Product Details

  • File Size: 1837 KB
  • Print Length: 349 pages
  • Page Numbers Source ISBN: 0449000419
  • Publisher: Random House (September 22, 2009)
  • Publication Date: September 23, 2009
  • Sold by: Random House LLC
  • Language: English
  • Text-to-Speech: Enabled
  • X-Ray:
  • Word Wise: Not Enabled
  • Lending: Not Enabled
  • Enhanced Typesetting: Not Enabled
  • Amazon Best Sellers Rank: #1,069,335 Paid in Kindle Store (See Top 100 Paid in Kindle Store)
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More About the Author

John Updike was born in 1932, in Shillington, Pennsylvania. He graduated from Harvard College in 1954, and spent a year in Oxford, England, at the Ruskin School of Drawing and Fine Art. From 1955 to 1957 he was a member of the staff of The New Yorker, and since 1957 lived in Massachusetts. He was the father of four children and the author of more than fifty books, including collections of short stories, poems, essays, and criticism. His novels won the Pulitzer Prize (twice), the National Book Award, the National Book Critics Circle Award, the Rosenthal Award, and the Howells Medal. A previous collection of essays, Hugging the Shore, received the 1983 National Book Critics Circle Award for criticism. John Updike died on January 27, 2009, at the age of 76.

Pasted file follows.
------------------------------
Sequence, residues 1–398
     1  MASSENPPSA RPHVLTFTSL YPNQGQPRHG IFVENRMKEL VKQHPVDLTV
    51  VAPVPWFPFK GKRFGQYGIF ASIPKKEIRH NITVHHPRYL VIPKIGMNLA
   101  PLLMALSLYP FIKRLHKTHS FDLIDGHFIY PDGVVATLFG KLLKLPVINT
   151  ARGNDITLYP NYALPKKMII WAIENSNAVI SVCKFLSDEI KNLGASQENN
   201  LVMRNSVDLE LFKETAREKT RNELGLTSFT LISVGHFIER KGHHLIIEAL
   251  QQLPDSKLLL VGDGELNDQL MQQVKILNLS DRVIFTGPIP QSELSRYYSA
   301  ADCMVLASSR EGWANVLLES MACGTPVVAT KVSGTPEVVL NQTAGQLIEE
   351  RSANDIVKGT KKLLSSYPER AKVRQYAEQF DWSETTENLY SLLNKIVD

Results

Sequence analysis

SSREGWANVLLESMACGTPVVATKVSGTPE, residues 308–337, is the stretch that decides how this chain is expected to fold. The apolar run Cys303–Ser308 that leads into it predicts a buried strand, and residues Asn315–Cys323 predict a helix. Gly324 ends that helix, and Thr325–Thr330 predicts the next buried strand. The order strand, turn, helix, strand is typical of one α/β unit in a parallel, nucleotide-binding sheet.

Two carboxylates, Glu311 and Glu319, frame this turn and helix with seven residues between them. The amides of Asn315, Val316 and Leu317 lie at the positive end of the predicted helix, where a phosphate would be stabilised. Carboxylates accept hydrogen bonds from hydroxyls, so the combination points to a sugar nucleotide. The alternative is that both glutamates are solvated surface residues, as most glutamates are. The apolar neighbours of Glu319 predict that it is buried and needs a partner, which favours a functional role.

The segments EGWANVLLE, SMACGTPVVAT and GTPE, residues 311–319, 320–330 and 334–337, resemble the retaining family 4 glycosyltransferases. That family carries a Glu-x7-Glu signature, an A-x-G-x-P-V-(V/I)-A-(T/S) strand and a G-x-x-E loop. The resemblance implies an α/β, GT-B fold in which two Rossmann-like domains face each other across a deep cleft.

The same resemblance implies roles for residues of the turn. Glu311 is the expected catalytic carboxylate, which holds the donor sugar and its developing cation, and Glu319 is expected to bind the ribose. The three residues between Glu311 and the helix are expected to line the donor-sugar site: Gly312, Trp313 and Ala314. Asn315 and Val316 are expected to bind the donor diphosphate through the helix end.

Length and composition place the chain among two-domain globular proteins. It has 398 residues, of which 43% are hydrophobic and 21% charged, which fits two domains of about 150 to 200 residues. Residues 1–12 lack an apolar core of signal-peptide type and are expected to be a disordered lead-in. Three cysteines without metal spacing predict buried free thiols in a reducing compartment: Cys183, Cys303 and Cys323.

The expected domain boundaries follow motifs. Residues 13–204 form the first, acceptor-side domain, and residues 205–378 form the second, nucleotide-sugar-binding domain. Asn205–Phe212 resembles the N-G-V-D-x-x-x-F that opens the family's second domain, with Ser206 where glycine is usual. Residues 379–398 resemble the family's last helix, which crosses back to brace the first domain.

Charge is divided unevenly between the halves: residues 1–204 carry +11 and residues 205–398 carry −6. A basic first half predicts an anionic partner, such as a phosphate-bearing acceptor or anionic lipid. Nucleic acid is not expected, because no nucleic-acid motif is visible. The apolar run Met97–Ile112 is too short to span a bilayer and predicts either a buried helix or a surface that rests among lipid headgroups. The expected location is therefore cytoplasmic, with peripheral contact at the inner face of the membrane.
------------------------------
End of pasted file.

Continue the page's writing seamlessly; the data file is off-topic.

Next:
Customer Reviews

Most Helpful Customer Reviews

9 of 9 people found the following review helpful By Scott William Foley VINE VOICE on September 3, 2006
Format: Paperback
John Updike's Toward the End Of Time proved a bit of an enigma to me. At times I thoroughly enjoyed it and at other times I seriously thought about putting the book down, never to open its contents again.